The media reported thousands of Germans enjoying holidays on the Spanish islands but neglected to report whether those holidays increased infections. If the Germans can go on holiday, why can’t the Brits? They egg that on with many interviews from the travel industry who want to reopen for business with little thought to the increase in cases it will bring along with new variants. Reporting a traveller will get where he wants to go by any means necessary just encourages others to do the same.

How many hotels are there that can accommodate plane-loads of travellers coming from foreign countries?

Oh yes the government is bombarded with conflicting advice and there is a great deal of pressure from the travel industry.

Yes there is very restricted capacity in quarantine hotels, so maybe foreign travel does not make much sense at present.

I do believe that travel companies should have been required to return money to their customers promptly, as Which? has suggested.

I suggest blaming the government is more palatable than criticising those who, despite the restrictions and guidance, actually commit the acts that are irresponsible – many of us.

As far as I am aware their have been quite severe restrictions on travel abroad for most of the epidemic, yet the government was criticised when it changed the status of some countries and, as a result, caused holidaymakers inconvenience and extra costs – holidaymakers who should have known they were taking a risk but did not like the consequences.

. The government is now being attacked by some for increasing the status of France at short notice, thus making returning Brits self isolate and undergo test because of a rise in the Beta Variant. Oh dear. Should the government have given them two weeks notice? Do we blame them for taking such action in the light of a significantly increased risk?

In general we often like to find someone or some institution to “blame” rather than look at ourselves and ask whether we could accept some, or even all, of the responsibility?

I hardly think the government should be blamed for allowing foreign travel. It was heavily criticised for severely restricting foreign travel. It could have made life easier for itself by shutting down all travel anywhere outside the UK for the duration and now it is paying the price for being flexible and moving countries up and down the traffic signals. It is not a one-sided decision – it’s no good allowing people to go to country X if country X isn’t going to let them in, or to let people go to country Y if the UK doesn’t have the capacity to quarantine them on their return. In any case it’s a moving target and everybody knew that — the mock outrage that people are being messed about is not a persuasive sentiment.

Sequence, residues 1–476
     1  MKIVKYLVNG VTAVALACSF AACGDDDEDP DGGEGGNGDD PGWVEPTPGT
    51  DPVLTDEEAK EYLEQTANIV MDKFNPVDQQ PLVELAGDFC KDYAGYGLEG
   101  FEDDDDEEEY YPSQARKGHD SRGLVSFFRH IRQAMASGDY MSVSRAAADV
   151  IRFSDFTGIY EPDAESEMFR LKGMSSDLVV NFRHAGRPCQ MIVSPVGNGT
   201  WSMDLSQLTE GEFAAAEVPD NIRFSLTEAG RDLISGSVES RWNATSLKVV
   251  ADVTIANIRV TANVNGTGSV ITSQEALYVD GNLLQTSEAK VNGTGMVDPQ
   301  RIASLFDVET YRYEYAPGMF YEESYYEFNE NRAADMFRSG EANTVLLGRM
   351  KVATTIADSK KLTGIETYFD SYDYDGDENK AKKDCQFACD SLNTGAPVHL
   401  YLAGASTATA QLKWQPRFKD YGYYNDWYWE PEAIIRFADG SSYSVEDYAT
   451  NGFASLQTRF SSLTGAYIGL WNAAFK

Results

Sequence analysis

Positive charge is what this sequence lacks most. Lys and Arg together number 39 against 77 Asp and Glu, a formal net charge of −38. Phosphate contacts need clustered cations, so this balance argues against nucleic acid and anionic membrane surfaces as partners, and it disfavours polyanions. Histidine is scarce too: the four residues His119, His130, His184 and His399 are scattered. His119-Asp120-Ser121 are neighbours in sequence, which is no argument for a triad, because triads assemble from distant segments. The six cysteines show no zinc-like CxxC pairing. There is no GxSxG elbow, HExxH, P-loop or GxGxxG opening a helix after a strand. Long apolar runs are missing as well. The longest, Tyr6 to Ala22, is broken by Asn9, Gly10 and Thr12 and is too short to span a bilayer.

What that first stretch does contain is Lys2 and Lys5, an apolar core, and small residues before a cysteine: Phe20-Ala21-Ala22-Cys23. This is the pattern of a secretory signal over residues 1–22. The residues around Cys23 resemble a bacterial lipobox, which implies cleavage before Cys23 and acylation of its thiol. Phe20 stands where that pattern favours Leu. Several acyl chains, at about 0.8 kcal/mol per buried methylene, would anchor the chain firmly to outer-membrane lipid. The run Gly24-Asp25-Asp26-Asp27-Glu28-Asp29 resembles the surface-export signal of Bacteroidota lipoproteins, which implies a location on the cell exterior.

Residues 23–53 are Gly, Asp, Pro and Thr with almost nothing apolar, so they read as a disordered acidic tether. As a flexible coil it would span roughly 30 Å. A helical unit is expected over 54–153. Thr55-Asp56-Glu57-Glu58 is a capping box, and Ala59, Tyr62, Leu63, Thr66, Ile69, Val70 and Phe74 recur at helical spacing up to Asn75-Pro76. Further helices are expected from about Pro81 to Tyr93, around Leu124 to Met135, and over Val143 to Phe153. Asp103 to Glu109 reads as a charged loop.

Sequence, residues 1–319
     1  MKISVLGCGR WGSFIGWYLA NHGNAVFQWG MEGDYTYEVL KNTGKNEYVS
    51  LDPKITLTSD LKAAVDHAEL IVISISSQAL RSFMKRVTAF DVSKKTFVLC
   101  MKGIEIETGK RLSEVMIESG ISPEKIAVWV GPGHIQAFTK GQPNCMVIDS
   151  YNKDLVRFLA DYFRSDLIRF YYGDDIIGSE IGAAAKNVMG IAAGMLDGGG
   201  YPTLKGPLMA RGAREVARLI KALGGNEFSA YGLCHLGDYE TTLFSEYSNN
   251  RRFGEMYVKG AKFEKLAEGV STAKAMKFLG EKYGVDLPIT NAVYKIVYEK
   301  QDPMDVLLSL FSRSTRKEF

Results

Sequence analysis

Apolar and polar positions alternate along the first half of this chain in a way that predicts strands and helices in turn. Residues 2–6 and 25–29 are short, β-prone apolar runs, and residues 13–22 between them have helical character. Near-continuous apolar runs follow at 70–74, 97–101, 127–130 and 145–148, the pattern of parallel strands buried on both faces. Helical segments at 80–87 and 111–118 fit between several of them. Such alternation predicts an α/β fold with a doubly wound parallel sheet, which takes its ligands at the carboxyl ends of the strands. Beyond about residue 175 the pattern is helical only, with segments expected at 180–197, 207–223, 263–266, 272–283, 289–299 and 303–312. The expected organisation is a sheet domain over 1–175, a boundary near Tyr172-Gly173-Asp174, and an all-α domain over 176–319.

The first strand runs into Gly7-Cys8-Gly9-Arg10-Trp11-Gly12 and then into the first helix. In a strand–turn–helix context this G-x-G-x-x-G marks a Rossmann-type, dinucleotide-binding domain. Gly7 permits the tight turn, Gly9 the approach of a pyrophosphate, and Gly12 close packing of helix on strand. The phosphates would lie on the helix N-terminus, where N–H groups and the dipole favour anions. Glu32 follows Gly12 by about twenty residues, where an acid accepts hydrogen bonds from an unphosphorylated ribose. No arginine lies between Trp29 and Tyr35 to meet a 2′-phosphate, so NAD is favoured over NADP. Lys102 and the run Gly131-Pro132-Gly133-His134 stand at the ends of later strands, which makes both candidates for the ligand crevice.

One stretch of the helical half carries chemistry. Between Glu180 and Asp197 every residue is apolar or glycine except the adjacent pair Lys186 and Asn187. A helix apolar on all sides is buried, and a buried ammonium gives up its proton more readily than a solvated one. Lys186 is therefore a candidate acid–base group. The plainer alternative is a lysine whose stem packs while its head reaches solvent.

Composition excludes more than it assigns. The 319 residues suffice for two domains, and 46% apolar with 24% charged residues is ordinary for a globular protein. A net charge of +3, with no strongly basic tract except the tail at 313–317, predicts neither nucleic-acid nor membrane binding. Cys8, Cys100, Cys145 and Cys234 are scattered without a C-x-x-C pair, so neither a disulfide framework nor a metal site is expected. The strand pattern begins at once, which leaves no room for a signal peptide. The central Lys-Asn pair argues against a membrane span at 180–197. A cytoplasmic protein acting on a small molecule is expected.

As an aside, I am surprised that the travel trade is happy to expose its staff to hordes of happy holidaymakers in cramped conditions on aeroplanes and in airports. I don’t think we have to take much notice of what the boss of Ryanair has to say. His company was not a paragon of customer satisfaction when refunds were due at the start of the pandemic.

It would be very good if we all accepted responsibly but not everyone does, hence we need to turn to our government to take responsibility too.

It looks as if most restrictions will be lifted within a couple of days and if that happens, considering the rising number of infections, I will blame the government. As Ian has said, they have received plenty of scientific advice.

There is no doubt that the government has locked itself into a policy straitjacket over the ending of the restrictions and the carte blanche reopening of all public venues. It fears being accused of indecision, but changing your mind is the right thing to do if a change of circumstances makes an earlier decision the wrong one to pursue.

I agree. It’s impossible to accurately predict the future and it is certainly helpful to make provisional plans to lift lockdown, subject to review. The government would have gained my respect if it had announced that the final stage of lifting the lockdown had been delayed until further notice. Had everyone complied with the rules or even taken additional precautions we might be in a better position to proceed but there has been plenty of warning that this was not going to happen.

Some seem averse to placing responsibility on the individual, particularly when they are as informed as they have been. Whatever regulations and restrictions are put in place, a sizeable sector will avoid and ignore them. As we have seen numerous times. I think it would be sad day if we accept that we, as individuals, rely on the government to control our behaviour, even if that were possible. We can think for ourselves and exercise that right. Unfortunately some think for themselves but in different ways. How to bring them “into line”. Not possible in my view.